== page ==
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Instead of writing about poems, I thought I’d talk about the poems. Here’s a little more about Damariscotta, and Celebration. I was going to do What To Do In Athens On A Monday Night, but it’s a little too big for WordPress to host.
In the videos I read the poem and talk a about them. And psst – don’t you just love that the light fixture in the office vaguely resembles a kinda dull crown 😉
What To Do In Athens On A Monday Night
This is a timeline of the poems by decade. I could probably pinpoint year on some of them, but there’s no way I’m digging through all of my journals.
I was in high school in the 70s, and both poems were written during that time. Solitaire first, in about 9th grade? On Time, which didn’ t have a title until recently, was written in ’79 or ’80, my senior year in high school. There are a couple of other poems from this time that I remember, and that possibly might have made the cut for The Wordstorm, but I can’t find them.
- On Time
This decade was college and my first explorations of the world around me as an adult. There was a lot of writing, mostly in journals, and not that much poetry. Or rather, not much poetry that would get into this collection: too much 20-something angsty ranting.
- Peak of Me
- Symphony of Now
From 1994-1998 I lived in Athens, Georgia, and was active in the poetry scene, even co-hosting an open mic with incomparable David Oates. I heard slam poetry for the first time, and – if you’re familiar with slam – you can hear the influence in 2Kewl, Drive, and Spadaro.
This is where I truly learned to stick a sharp pointy knife into the jugular of the poem and let it bleed. If you want to write, you’ve got to learn to use sharp objects on your words. The pain of the knife only makes the writing better.
Also at this time, I collaborated with artist Wendy Giminski (here’s her Etsy store.) Wendy read some of my poems and made paintings while I looked at some of her paintings and made poems. We even exhibited the poems and paintings side-by-side in an exhibit where, sadly, the painting that inspired Twilight Screaming was stolen.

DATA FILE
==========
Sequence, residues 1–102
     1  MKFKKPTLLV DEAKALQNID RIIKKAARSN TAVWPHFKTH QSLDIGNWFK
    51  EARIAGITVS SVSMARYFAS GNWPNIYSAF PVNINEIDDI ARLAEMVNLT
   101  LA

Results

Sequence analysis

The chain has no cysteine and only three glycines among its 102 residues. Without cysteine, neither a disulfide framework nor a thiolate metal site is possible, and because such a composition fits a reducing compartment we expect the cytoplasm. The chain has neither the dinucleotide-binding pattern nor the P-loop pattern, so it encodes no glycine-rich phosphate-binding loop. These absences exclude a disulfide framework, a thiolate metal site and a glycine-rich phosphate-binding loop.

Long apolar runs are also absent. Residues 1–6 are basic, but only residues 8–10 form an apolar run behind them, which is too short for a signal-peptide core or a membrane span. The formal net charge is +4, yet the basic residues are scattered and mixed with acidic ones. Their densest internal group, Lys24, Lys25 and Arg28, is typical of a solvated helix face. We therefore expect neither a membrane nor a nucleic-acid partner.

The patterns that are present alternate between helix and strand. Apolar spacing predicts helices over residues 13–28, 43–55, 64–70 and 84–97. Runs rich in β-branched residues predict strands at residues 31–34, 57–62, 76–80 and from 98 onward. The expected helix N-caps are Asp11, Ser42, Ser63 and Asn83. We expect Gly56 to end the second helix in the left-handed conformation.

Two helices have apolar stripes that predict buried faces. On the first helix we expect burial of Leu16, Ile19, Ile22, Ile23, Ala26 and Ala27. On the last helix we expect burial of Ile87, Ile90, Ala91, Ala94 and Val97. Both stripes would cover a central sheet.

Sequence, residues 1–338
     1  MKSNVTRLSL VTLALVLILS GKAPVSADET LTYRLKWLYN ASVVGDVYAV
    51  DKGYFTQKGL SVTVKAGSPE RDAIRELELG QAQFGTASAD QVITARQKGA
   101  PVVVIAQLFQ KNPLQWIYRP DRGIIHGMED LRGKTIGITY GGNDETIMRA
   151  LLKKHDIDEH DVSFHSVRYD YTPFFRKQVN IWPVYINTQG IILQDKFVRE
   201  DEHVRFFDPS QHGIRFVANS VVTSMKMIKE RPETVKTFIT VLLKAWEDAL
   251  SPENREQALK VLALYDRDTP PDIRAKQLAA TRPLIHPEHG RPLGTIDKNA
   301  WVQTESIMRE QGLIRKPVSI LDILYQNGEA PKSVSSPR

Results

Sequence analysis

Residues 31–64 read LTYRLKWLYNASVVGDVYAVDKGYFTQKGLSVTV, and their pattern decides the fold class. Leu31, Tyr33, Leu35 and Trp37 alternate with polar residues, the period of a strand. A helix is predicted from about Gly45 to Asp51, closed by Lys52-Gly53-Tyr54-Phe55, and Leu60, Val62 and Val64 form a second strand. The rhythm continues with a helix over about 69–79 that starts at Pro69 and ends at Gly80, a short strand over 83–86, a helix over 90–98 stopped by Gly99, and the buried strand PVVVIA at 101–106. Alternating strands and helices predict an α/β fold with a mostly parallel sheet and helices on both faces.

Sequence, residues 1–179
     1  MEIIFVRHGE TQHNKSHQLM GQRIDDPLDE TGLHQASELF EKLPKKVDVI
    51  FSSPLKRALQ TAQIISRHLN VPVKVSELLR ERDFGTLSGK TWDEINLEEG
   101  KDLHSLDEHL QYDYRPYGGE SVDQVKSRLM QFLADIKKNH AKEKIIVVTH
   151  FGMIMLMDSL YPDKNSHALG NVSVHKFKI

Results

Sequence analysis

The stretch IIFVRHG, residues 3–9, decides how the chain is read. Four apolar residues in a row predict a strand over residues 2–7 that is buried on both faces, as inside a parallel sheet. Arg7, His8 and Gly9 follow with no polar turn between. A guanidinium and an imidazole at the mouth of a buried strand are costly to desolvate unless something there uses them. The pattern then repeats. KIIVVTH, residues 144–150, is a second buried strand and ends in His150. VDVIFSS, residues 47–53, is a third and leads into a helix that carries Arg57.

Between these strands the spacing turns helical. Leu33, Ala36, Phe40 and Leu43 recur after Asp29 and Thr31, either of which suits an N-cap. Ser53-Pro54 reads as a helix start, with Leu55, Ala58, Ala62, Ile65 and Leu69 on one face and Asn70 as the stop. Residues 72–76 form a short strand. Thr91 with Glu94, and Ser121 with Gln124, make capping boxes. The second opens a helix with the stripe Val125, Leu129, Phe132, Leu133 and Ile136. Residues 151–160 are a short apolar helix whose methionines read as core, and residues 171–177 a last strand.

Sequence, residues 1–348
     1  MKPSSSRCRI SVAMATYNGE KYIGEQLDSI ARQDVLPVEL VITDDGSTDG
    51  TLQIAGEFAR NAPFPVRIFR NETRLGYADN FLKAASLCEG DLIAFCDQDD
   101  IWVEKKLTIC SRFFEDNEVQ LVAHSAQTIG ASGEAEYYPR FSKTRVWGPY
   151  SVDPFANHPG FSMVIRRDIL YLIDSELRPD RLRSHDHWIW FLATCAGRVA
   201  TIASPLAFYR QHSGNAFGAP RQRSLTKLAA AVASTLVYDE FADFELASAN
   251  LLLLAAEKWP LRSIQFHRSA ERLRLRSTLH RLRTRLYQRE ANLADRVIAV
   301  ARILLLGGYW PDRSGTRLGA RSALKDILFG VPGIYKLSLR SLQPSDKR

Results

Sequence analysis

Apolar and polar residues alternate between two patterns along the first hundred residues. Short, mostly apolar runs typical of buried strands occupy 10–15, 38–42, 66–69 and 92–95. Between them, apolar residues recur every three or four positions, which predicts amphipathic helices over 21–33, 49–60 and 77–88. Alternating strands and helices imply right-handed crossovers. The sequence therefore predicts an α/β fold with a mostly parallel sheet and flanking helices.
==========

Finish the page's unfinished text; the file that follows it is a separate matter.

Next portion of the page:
The other key thing happening at this time was finding an amazing spiritual family that I am in touch with to this day. This is where those spiritual things really started to show up in poetry – Be/Learn/Know is an excellent example.
- At Hand
- Candy Corn Crosses
- Good Girls
- How To Express Yourself More Clearly
- I Am Becoming One
- I Am Becoming One, Undone
- Luna’s Lending Library
- On Shooting Trees
- The Call Building
- The One
- The Sunday Park
- This Morning Watching The Sun Rise
- Transposing Worlds
- Twilight Screaming
In the 2000s there was love, marriage, death, weather – life. There were offices, of course, and the absurd mundanity of that world. Eventually, I got both a divorce and bankruptcy then moved back to my home state of Michigan.
In the school year of 2006-2007 I took two classes towards a master’s in English with a concentration in poetry at my undergrad alma mater Central Michigan University. I quickly remembered just how much I don’t like academic writing, ran low on money, got yet another job in an office, and decided I didn’t really need the degree.
The workshop with Eric Torgeson in fall 2006 was, however, a true highlight. The philosophy of life as a poet at the back of the book is his: “Be a craftsman, not a critic.” This was a prolific time for me as well, and the ‘newest’ of the poems come from then: Try Metta For Title and Write A Poem And Call Me In The Morning.
- Alpha, Omega, and Me
- Another Office
- Barbie Says Kill The Psychic
- Concert For The Garden
- Converging Memories
- Dissolution of the Heart
- House of Milligan
- Metta For Title
- Monarch Song
- No Title Needed
- Tincture of Benzoin
- What To Do In Athens On Monday Night
- Why I Don’t Read Esoteric Books Anymore
- Wise Woman’s Guide To Getting There
- Write A Poem And Call Me In The Morning
Poetry is how I see the world, how I express the experience of the world. As such, I will probably always be writing a poem – even though my attention going forward is more on fiction.
Still, once a poet, always a poet.